The Wildfire Diaries – Emergency recalls.

I haven’t shared this story yet because I’m still trying to grapple with how profoundly this experience affected me.

This event occurred Friday the 23rd. I had just brought four of the minis back to their home. My friend and I were in the process of releasing them into the pasture where they spend their days. We had let three of them go and the fourth was still on a lead. I already posted some fun video of three of the horses romping around the pasture in total celebration of their freedom and being home. I posted this on FB.

What I didn’t post because again, I was still in shock that it happened and I wanted to share it when I could make it a teaching lesson,  was that at the end of the video as I’m panning across the pasture, suddenly I noticed that three little horses were no longer in the pasture but running up the mountain side to a Destination Unknown.

Apparently the fireman had opened up the gate at the far end of the pasture, something none of us would have even thought to check. So I stood there filming with complete joy and profound relief only to watch these horses take off on a wild goose chase in unknown and unprotected areas, including a runaway that leads to a street. That’s about as much shock and I think I’ve ever experienced.

But here is the good part. It’s quite amazing and very profound as well. I started running down the street trying to keep track of where these horses were going but I knew I had one Ace in the Hole. I have trained my horses an emergency recall. This is a very specialized sound that I use only in a training scenario that lets the horses know I want them to come to me NOW.

I must admit they did not return to me on the 1st recall attempt. There are a couple reasons why in my mind. 1) There was one horse in the herd of three running around that has not been trained a recall. He’s my friend’s horse and we’ve been slowly starting to build it, but it was not in place. 2) These horses are outdoor horses and they had been locked in a stall for 2 weeks with very little exercise compared to what they’re used to. I can laugh about it now but they were acting like little crazy horses, just so glad to be loose and free to run around. Returning to me at that moment was certainly being overshadowed by the joy of movement.

While still in a personal state of panic I managed to stay with the horses and on the third attempt of my emergency whistle McKee turned around and ran right straight back to me. One down, two to go.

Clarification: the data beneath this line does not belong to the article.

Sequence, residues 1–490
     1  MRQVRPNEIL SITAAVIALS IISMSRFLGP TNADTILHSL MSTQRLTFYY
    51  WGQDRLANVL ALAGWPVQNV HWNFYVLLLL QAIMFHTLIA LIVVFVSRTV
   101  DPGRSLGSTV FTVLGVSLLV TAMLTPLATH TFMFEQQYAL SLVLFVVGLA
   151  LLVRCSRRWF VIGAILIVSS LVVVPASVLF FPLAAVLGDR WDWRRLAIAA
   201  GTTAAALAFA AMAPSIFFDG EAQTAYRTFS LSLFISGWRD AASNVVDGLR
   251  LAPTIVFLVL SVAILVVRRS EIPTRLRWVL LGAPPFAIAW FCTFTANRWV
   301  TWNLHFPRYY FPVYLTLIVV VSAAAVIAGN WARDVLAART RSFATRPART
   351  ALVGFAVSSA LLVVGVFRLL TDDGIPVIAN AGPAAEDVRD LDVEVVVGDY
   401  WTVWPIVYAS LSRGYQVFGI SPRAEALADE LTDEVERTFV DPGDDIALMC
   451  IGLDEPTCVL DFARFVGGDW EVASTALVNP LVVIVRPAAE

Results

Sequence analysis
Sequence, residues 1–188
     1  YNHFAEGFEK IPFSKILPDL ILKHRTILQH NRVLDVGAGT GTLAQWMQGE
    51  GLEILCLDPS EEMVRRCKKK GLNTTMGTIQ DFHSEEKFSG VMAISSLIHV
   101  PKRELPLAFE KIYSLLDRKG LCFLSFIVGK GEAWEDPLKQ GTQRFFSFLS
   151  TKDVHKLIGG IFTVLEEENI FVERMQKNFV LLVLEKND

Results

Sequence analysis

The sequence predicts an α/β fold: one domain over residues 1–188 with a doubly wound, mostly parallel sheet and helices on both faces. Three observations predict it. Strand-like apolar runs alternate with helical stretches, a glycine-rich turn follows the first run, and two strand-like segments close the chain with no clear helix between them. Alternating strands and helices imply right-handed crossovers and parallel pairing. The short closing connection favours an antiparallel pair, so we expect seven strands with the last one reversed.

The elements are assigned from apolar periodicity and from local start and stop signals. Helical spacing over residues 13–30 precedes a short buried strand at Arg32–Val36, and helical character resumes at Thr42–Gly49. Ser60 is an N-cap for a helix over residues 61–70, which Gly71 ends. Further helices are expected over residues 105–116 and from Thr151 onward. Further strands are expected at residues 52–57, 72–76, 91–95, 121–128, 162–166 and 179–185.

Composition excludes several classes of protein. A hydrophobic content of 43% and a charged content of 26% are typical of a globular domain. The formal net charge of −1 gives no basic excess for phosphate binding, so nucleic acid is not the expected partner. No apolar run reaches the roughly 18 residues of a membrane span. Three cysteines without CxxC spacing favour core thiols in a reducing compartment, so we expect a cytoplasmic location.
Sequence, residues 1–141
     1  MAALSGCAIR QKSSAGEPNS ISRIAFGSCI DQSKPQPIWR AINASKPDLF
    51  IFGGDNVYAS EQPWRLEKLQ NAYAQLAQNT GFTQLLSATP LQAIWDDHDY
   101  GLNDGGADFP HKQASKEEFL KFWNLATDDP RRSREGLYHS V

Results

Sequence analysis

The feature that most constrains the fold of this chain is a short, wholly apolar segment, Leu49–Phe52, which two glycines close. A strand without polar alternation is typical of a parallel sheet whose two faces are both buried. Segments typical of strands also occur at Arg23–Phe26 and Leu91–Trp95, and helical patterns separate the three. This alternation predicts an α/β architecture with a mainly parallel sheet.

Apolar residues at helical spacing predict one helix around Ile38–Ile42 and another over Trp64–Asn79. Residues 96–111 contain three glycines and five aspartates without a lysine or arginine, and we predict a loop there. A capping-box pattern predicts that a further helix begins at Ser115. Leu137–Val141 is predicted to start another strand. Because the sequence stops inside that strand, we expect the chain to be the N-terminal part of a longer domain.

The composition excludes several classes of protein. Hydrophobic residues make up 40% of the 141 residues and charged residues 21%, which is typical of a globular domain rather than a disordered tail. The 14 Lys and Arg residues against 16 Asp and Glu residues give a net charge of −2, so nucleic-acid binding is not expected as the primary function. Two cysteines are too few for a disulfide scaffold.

I whistled again and Handsome ran halfway to me, tossed to his head and chased off after his buddy again. I do think in that moment, after having spent two weeks in the stall with this buddy, my recall was temporarily overshadowed by the other horse, who did not have a recall. Another lesson learned: sometimes the horse will respond to a recall because of the motion of another horse, so the recalls needs to be taught individually, then proofed in a herd.

Normally when I practice the the recalls in our pasture usually all three horses come running up, but conditions made this too difficult and the individual recall wasn’t strong enough for that situation. So I will practice the individual recalls again.

The good news is that the third time I offered my recall whistle Handsome turned and cantered right up to me in his normal fashion. I had a lead rope in my hand and McKee was with me, so I was able to put the lead rope around Handsome’s neck and go in search of the third horse.

We watched the third horse, Magnifico, disappear around behind the neighbor’s house and in reality what stopped that horse was a combination of fatigue and some nice green grass, LOL. Still, I’m pleased he was able to be caught because when I first met him he would run away from anyone while in the pasture, not wanting to be caught at all. So I know some of our recall work was helping in that moment.

I guess the most obvious moral of the story is check your fencing if you’ve been away. Truly, that was the last thing either my friend or I expected and we couldn’t see the open gate from our position. But more important is that had I not developed and practiced a recall with these horses I’m not sure what the results would have been and there certainly was a possibility that horses could have been injured.

I’ve included a link to a video I made awhile back on recalls. Below that is the video I took JUST before Magnifico saw the open gate and led them on their merry chase.


Please go out and teach your horse a recall, you never know when you’ll need it.



About clickertraininghorses - Peggy Hogan

I teach people and train horses using positive reinforcement. The horses I work with are given choice, the freedom to volunteer behavior. The joy is that they strive to volunteer what works for both of us.
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